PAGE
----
They were soon on the move to RAF Wroughton, near Swindon, gaining flying hours and experience transferring new Horsas to their new squadrons. However, this soon gave way to intensive training as the 1st and 6th Airborne Divisions were prepared for D-Day. Despite his relative experience, this period did not pass without incident and he was fortunate to survive unscathed from a crash landing, when poor visibility in a thick ground mist obscured one night-time landing at Netheravon, destroying his glider. Mike was involved in numerous special exercises that summer but after missing the Sicily invasion, he also missed D-Day after being nominated as a reserve.
Operation Market to Arnhem
The next big Airborne operation would part of be Operation Market Garden. Mike and Wally were both members of 14 Flight, F Squadron. Pilots from 14 Flight were due to take off from Blakehill Farm on the First Lift on 17 September 1944 bound for Arnhem, commanded by Lt Pickwoad DFC. Paired with Sgt Hogg, Mike flew Horsa HN 835, carrying a Platoon of the Border Regiment to Landing Zone S. Being among the first wave of gliders he could quite easily pick his own spot to land on the designated LZ. He later realised his good fortune as he watched the remaining gliders landing in large numbers – each one having less space to do so as time progressed!
14 Flight were initially attached to the 1st Battalion Border Regiment as a defensive force the Landing Zone during the Second Lift. He recalled watching the Second Lift:
‘Just after lunch we heard the drone of aircraft engines and it was a wonderful sight to see the paratroopers floating down and a mass of gliders coming in to land. There were more casualties on this lift as the Germans were now prepared.’
Their duties at the Landing Zone complete, F Squadron joined other glider pilots of 1st Wing in defensive positions around the 1st Airborne Divisional HQ established at the Hartenstein Hotel in Oosterbeek. Mike played a role in guard duties over the German POWs held at the Tennis Courts near the Hotel building. Later, 14 Flight dug new defensive trenches further from the HQ, and Mike and Wally Holcroft prepared to hold their ground, with Mike responsible for a Bren gun.
The following day, Mike witnessed the Third Lift as it pressed on through flak on 19 September 1944. He remembered the immense bravery of the RAF pilots as they pressed on through the barrage.
Mike and 14 Flight were subsequently employed on a series of fighting and anti-sniper patrols. They were also engaged by German self-propelled artillery on more than one occasion. Over the next few days and nights 14 Flight was slowly pushed back through woods and houses as the Germans squeezed the Perimeter.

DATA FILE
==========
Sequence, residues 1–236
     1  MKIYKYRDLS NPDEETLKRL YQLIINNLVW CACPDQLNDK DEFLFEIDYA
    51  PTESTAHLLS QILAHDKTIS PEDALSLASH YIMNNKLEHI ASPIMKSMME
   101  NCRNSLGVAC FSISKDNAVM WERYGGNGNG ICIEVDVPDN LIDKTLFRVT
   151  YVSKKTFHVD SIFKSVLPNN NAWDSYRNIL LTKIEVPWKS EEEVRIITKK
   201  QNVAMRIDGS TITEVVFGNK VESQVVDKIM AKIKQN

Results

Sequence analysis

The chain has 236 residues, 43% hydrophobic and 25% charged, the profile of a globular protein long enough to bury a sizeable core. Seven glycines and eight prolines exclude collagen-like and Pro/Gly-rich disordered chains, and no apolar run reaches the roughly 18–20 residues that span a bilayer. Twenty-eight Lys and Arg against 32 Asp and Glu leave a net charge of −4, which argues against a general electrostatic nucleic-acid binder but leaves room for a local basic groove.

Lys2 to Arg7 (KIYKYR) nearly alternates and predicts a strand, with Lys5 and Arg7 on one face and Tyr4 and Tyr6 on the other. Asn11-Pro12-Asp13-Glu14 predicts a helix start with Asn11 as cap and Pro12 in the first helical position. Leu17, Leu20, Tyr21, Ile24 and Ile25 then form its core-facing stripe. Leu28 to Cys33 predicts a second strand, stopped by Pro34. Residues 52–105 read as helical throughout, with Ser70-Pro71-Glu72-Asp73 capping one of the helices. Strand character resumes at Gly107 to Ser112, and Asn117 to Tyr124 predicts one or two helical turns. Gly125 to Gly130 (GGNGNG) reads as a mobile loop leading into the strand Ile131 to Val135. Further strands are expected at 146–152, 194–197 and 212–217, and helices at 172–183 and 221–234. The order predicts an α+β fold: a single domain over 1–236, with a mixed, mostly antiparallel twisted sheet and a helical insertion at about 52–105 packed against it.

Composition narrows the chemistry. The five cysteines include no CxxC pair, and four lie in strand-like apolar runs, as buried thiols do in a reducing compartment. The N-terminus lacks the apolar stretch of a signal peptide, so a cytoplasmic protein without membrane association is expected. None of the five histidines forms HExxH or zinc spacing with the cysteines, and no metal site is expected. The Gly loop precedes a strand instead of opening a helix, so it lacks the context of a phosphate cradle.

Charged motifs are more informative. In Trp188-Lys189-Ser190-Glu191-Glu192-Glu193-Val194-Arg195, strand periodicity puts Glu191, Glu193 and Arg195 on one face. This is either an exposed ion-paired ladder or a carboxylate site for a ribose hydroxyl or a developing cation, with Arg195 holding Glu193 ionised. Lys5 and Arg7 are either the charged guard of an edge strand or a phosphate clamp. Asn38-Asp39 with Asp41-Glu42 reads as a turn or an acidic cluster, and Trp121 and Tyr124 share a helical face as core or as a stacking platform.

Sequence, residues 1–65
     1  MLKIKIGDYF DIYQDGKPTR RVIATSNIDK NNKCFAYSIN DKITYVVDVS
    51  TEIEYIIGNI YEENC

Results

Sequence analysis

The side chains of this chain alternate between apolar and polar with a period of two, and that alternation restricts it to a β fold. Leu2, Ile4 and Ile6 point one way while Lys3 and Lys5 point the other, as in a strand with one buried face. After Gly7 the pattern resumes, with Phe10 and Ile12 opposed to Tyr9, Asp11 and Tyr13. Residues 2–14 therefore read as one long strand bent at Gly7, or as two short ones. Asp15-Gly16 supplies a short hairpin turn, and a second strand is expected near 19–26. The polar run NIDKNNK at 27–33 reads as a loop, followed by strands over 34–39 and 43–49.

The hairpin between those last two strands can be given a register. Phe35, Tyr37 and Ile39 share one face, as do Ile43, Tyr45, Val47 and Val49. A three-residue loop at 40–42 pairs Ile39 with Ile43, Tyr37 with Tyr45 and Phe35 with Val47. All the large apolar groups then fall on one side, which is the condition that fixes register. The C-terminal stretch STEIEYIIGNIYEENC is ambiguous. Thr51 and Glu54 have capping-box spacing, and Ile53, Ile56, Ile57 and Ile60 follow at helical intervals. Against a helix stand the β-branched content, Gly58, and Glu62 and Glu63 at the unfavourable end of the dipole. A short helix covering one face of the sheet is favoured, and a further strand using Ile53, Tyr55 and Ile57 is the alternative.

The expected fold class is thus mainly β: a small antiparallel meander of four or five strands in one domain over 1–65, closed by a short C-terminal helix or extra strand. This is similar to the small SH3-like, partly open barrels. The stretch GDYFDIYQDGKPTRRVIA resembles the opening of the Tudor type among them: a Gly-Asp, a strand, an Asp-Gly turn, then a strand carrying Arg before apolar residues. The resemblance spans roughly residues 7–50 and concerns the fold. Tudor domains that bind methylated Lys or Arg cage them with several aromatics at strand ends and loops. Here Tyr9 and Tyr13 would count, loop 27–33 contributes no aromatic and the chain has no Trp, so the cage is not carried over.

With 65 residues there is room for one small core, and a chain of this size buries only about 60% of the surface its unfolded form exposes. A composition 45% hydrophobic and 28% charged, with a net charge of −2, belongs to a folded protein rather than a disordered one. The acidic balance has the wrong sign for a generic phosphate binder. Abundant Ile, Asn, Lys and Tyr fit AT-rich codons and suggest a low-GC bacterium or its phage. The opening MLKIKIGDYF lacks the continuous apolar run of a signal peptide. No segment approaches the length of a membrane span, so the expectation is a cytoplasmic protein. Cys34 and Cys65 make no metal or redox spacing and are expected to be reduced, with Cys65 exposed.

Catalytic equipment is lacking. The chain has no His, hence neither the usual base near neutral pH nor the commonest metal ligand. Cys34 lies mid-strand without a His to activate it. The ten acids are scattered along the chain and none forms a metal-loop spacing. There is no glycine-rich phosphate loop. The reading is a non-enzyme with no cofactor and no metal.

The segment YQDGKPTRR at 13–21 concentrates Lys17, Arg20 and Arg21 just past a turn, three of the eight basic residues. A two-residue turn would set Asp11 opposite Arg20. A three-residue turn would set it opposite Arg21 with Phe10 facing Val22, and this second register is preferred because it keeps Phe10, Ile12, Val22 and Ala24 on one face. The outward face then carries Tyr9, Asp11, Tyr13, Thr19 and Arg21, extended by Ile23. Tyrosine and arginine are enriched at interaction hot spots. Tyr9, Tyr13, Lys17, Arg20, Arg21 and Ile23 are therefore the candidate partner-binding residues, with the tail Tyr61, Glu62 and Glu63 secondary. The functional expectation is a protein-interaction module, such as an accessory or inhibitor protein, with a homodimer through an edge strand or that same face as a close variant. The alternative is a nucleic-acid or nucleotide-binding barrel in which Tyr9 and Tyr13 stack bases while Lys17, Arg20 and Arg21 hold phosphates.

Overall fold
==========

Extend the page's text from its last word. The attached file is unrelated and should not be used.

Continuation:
Despite the conditions, the men of 14 Flight continued to fight on until news finally came, early on 25 September of the escape plan, Operation Berlin for the night of 25-26 September 1944. Mike and his comrades would eventually cross the river that night onboard a small engineer assault boat despite heavy rain and mortar fire. He had made his escape from Arnhem.
Reaching the relative comforts of a reception centre, he was even able to get a wash and shave at Nijmegen, before he was flown back to the UK a few days later.
It was only then that the reality of the battle began to sink in, when a briefing from Lt Pickwoad confirmed the deaths of 11 men from the Flight, and another eighteen wounded, prisoners or missing - a third of the Flight.
Mike continued to serve on however, and was eventually posted to India where the Indian Airborne Division was preparing for the invasion of Japan. Although the Japanese surrender in He was to fly the WACO glider until the end of the war.
Staff Sergeant Mike Hall survived the war and was demobbed in 1946. He is still an active member of the Glider Pilot Regimental Association.
Further ReadingMike Peters, Glider Pilots on Sicily, (), Pen & Sword Ltd. Mike Peters & Luuk Buist, Glider Pilots at Arnhem (2009), Pen and Sword Mike Hall, What did you do in the war Daddy? (Unpublished). 'Portrait of a Pilot', The Eagle Magazine (April 2010). Walter Holcroft, No Medals for Lt Pickwoad
Written by Mike Peters with the consent and assistance of Mike HallRead More